This Essential Package of Services creates the guidelines for health clinic services and referrals in this refugee setting by the Government of Bangladesh and is adapted from the United Nations High Commissioner for Refugees (UNHCR) Global Health strategy and the Sphere standards. Faculty attended UNHCR-coordinated health sector meetings in Cox’s Bazaar, the nearest city to the settlement camps, to understand current protocol implementation strategies. Faculty attended meetings with the World Health Organization and the International Office of Migration to brainstorm evidence-based, multi-level strategies that may hasten sustained protocol adoption and fidelity in the context of high NGO health provider staff turnover. The health sector’s strategies for protocol implementation have been applied to other sectors and subsectors, such as mental health and psychosocial support.
Lastly, Dr. Rupa Patel, and potentially other faculty, are conducting forensic exams, as volunteers for Physician for Human Rights, among the Rohingyas to document crimes related to ethnic cleansing. Faculty will continue to train local NGO staff physicians, mid-level providers, and other trained staff to identify psychological and physical signs of torture and to refer them to treatment centers that can provide the appropriate levels of support. These initiatives foster the continued identification and documentation of violence against the Rohingyas that can aid investigations of mass crimes in an international court of law.
The next steps to address this ongoing crisis include:
1. Ending the violence against the Rohingyas in Myanmar and providing adequate support for those still living in there.
2. Ending statelessness for the Rohingyas living in both Myanmar and Bangladesh and for Myanmar nationality to be given to those who want to return to the country.
3. Scaling up all humanitarian services for the Rohingya refugees living in Bangladesh and to have mechanisms to sustain such support for several years; this also includes the provision of services for the Bangladeshi host communities who have been affected by factors related to a rapid influx of people (i.e., economic, physical space, water/sanitation, health).
4. Investigating the crimes related to ethnic cleansing and holding perpetrators accountable in the international court of law to prevent future occurrences (Beyrer 2017).
Even if some of these steps are carried out, many years of continuous care will be needed to heal psychological scars of the Rohingya refugees.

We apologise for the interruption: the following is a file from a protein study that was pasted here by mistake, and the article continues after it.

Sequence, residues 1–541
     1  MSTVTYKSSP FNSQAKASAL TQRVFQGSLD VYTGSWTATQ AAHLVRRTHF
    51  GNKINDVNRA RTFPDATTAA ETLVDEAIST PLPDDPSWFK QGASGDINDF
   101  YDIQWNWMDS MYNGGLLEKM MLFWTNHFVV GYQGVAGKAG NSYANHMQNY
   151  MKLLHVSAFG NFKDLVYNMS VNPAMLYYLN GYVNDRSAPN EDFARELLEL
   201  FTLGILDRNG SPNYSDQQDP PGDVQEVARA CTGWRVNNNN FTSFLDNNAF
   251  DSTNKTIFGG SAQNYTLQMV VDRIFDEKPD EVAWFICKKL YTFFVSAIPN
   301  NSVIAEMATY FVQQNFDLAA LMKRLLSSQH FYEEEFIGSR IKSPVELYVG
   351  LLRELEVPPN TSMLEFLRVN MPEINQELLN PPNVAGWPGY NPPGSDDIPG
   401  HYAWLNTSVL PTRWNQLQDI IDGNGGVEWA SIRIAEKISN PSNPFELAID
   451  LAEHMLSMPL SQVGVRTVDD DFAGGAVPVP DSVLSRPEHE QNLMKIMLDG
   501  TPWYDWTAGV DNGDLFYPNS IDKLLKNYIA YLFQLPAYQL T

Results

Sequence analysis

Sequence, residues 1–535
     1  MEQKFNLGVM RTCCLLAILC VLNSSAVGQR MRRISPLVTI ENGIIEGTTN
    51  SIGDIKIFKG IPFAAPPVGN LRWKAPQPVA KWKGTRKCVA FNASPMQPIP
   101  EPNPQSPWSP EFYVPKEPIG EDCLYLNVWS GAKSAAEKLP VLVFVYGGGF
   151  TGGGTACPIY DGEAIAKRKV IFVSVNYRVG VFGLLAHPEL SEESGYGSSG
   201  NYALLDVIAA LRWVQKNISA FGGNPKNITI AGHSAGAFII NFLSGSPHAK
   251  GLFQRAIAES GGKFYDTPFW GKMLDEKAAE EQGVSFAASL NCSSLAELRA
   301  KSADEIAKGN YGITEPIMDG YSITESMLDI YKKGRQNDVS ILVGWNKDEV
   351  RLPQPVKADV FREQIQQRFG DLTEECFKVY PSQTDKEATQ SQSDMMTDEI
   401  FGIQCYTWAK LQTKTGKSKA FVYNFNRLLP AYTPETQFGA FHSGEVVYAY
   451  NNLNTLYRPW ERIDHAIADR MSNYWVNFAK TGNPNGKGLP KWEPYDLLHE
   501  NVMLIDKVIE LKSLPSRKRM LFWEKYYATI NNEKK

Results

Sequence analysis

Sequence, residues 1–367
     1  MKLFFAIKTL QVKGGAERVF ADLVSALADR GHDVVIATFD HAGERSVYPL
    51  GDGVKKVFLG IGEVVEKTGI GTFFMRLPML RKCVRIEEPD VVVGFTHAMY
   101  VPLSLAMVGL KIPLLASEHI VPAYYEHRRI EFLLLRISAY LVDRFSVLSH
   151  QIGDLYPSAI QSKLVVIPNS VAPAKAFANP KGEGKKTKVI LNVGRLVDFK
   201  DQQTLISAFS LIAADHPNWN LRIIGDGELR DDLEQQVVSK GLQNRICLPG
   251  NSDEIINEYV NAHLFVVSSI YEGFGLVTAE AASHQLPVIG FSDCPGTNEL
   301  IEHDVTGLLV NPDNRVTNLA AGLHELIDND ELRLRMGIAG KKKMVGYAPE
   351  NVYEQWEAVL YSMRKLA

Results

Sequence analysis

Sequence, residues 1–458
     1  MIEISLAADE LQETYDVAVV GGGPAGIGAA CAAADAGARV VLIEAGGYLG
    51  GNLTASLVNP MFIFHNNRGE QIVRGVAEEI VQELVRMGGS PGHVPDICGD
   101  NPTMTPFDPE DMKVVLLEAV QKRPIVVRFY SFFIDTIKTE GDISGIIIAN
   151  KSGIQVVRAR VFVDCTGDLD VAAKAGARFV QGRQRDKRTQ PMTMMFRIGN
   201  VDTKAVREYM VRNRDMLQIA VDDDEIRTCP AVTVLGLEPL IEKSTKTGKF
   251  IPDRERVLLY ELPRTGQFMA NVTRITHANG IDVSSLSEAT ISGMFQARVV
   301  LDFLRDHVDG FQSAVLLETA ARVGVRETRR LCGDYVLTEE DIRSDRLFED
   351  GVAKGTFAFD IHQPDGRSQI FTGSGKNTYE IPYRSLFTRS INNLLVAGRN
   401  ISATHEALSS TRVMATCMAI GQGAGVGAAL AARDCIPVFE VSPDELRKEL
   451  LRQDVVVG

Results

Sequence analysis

The current Rohingya crisis represents an unprecedented level of people being forced from their homes worldwide (65 million estimated by UNHCR), many whom are young children and adolescents. The Rohingyas comprise a substantial portion of the 10 million estimated to be stateless globally (UNHCR website). The denial of citizenship in any country magnifies the inability to access the basic rights of food, shelter, security, health care, education, employment and the freedom of movement. Widespread awareness of this issue is crucial to generate global advocacy to protect the dignity and rights of vulnerable populations and to ensure that crimes committed against humanity be prosecuted promptly.
For more information, visit the following websites:
Helping the Rohingya
Physicians for Human Rights
Friends in Village Development Bangladesh
Center for Dissemination and Implementation at the Institute for Public Health
- Author Affiliations
Rupa Patel, MD, MPH and John Crane, BA, Department of Medicine, Washington University School of Medicine in St. Louis, USA
- Nishat Rahman, PhD, and Sakila Yesmin, MPhil, MSc, BRAC Institute of Educational Development, BRAC University, Dhaka, Bangladesh
- Zahin Ahmed, Friends in Village Development Bangladesh, Dhaka, Bangladesh
- Homer Venters, MD,Physicians for Human Rights, New York, USA
- Ross Brownson, PhD, Brown School, Washington University in St. Louis, USA
- Rumi Price, PhD, Department of Psychiatry, Washington University School of Medline in St. Louis, USA
- Paurl Bakhshi, PdD, DEA, Program in Occupational Therapy, Washington University in St. Louis, USA
- Ali Anwar, MD and Anne Glowinski, MD, MPE, Department of Psychiatry, Washington University School of Medicine, USA
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3. Hossain MM, Purohit N. Protecting the Rohingya: lives, minds, and the future. Lancet. 2017 Feb 10;391(10120): 533.
4. Riley A, Varner A, Ventevogel P, Taimur Hasan MM, Welton-Mitchell C. Daily stressors, trauma exposure, and mental health among stateless Rohingya refugees in Bangladesh. Transcult Psychiatry. 2017 Jun;54(3):304-331.
5. Beech H. Rohingya children facing ‘massive mental health crisis’. New York Times (New York), Dec 31, 2017. Available here. Accessed Jan 2, 2018.
6. Human Rights Watch. Burma: satellite imagery shows mass destruction. 214 villages almost totally destroyed in Rakhine State. Sept 19, 2017. Available at here. Accessed Feb 21, 2018.
7. Beyrer C, Kamarulzaman A. Ethnic cleansing in Myanmar: the Rohingya crisis and human rights. 2017 Sep 30;390(10102):1570-1573.
8. Mahmood SS, Wroe E, Fuller A, Leaning J. The Rohingya people of Myanmar: health, human rights, and identity. 2017 May 6;389(10081):1841-1850.
9. Essential Package of Services.
10. United Nations High Commissioner for Refugees. Figures at a glance. Accessed February 20, 2018.
11. United Nations High Commissioner for Refugees. What is a refugee?. Accessed on February 22, 2018.
12. United Nations Office for the Coordination of Humanitarian Affairs. Accessed February 18, 2018.
13. United Nations High Commissioner for Refugees (UNHCR) Global Health strategy. http://www.unhcr.org/530f12d26.pdf. Accessed February 20, 2018.
14. The Sphere Project. Accessed February 20, 2018.
15. UNICEF. Guidelines for Child Friendly Spaces in Emergencies. Accessed February 17, 2018.
This post is part of the “Global Health” series of the Institute for Public Health’s blog.